Analyzing Critical Criminology Essay

  • Length: 6 pages
  • Sources: 10
  • Subject: Criminal Justice
  • Type: Essay
  • Paper: #14505045

Excerpt from Essay :

Conflict Theory-The Relationship between Sociology and Criminology

Theorists, on, social conflict propose that crime, in general, is triggered by conflict in the class system, as well as, laws that have been shaped by individuals and groups in power to safeguard their interests and rights. All acts of crime have political nuances, and Quinney refers to this as crime's social reality. Research attempts to confirm the conflict method; on the contrary, have not generated significant results (Seigel, 2000). Moreover, sociologists ponder over the social patterns that exist among social classes and the complications that arise from conflict between such social classes. They try to establish the relationship between deviant behavior and social class. These are some of the considerations and ponderings of sociologists when examining the Social conflict theory. The theory explores issues to do with inequality on societal settings. The theory states that the laws and norms adopted by society only reflect the interest of the more influential and powerful society members.

The following situation comes to mind when reflecting over the theory: a chief executive of a corporate company commits the same crime as a junior worker (Social Conflict Theory and Crime: Definitions and Approach to Deviance - Video & Lesson Transcript - If, hypothetically, we say that they were caught in a drug peddling offence, it is apparent that the person to receive more severe punishment is the junior worker. There is a good chance that the CEO will get off in a hush because he has the resources. They might even get off the hook in ''mystery''. On the other hand, the junior worker is likely to experience the full wrath of the law. His act of criminal deviance is also likely to receive a lot of publicity. Since social conflict theory is focused on inequality issues, a significant element in this narrative is that the punishment meted out in this case is disproportionate, despite the similarity of the crime committed. In a similar scenario, figure out a situation in which such a factory worker is involved in a vandalism incident on a local business. On the other hand, the CEO is involved in a fraudulent act in an attempt to protect his wealth and avoid parting with a portion of it. The factory junior worker is regarded to have committed a typical blue collar crime. If they are caught, they would be arrested and fined. They might even spend months in prison. The CEO, on the other hand, is regarded to have committed a white collar crime. His punishment is likely to be much less severe in the unlikely event that anyone will call him to account. According to a government report in 2009, it was found that those who were found to be culpable in fraud only ended up paying 10% of the assets they owed because they succeeded to hide most of them.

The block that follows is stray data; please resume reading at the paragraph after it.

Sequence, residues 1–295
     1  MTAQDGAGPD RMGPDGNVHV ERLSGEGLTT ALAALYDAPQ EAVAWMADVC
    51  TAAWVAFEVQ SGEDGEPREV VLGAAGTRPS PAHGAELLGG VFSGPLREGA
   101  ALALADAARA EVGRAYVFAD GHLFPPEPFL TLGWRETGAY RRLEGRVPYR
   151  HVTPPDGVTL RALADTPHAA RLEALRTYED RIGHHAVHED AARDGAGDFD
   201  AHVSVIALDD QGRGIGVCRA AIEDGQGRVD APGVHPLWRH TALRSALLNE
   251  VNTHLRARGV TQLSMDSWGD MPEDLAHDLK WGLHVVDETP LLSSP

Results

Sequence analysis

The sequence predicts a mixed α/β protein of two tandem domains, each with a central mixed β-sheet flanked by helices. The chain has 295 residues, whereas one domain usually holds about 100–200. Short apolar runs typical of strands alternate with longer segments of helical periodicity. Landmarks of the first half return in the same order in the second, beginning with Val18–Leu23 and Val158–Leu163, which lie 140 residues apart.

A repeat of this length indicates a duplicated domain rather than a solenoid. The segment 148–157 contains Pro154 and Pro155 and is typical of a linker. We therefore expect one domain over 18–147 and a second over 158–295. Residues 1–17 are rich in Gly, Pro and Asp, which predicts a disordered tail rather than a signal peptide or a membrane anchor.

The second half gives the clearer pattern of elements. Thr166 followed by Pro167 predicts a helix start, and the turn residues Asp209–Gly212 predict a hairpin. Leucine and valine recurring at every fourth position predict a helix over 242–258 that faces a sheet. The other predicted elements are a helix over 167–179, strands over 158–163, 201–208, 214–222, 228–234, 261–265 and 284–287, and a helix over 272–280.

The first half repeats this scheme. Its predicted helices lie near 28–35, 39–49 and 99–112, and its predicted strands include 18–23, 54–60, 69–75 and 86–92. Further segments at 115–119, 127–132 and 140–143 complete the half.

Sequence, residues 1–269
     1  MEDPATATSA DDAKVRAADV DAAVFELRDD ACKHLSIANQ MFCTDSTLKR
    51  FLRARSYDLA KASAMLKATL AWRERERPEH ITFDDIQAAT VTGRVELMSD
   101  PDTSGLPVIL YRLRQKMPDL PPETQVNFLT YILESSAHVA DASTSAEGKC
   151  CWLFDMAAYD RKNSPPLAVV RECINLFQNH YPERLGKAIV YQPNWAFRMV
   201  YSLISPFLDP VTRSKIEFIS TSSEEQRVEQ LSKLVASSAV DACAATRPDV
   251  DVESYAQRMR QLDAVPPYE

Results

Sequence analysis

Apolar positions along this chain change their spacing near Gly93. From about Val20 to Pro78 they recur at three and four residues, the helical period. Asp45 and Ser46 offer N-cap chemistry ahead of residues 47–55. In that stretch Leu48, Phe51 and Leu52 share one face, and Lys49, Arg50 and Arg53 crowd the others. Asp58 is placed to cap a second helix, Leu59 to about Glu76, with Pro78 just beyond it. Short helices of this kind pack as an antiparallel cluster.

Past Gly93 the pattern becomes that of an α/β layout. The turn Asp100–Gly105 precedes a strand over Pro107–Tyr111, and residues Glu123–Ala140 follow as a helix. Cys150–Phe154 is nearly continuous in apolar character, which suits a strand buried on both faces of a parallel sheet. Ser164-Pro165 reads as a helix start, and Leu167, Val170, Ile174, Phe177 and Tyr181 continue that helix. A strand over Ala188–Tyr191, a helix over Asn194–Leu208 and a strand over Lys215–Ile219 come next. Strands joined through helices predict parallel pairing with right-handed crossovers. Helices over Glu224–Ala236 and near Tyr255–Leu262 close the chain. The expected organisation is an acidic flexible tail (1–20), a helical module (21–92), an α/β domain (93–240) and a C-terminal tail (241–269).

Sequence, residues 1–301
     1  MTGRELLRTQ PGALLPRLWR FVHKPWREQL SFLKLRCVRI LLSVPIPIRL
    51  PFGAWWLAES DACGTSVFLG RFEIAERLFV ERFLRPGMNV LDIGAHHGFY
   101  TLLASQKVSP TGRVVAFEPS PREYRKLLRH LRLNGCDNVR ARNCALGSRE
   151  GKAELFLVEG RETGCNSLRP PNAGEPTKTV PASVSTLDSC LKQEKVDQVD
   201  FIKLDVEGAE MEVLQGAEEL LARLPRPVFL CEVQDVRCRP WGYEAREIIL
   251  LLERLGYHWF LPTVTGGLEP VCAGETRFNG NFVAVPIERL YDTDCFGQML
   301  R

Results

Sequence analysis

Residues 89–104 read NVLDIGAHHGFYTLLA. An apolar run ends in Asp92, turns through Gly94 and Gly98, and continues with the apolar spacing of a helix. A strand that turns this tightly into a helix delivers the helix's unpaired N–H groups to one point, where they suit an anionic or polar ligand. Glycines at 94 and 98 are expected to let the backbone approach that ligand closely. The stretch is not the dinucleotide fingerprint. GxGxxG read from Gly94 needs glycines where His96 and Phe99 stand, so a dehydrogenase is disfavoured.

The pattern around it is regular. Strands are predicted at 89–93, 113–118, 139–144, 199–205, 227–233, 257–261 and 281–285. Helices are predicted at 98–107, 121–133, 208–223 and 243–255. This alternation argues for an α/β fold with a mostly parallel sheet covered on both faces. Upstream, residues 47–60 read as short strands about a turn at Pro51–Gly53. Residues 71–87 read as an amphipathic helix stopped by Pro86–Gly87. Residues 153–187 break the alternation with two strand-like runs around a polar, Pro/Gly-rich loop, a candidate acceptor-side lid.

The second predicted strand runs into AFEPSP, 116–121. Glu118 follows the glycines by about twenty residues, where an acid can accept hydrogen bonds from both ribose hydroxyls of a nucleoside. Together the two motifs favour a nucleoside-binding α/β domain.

How Politics Interplay in The Conflict Theory.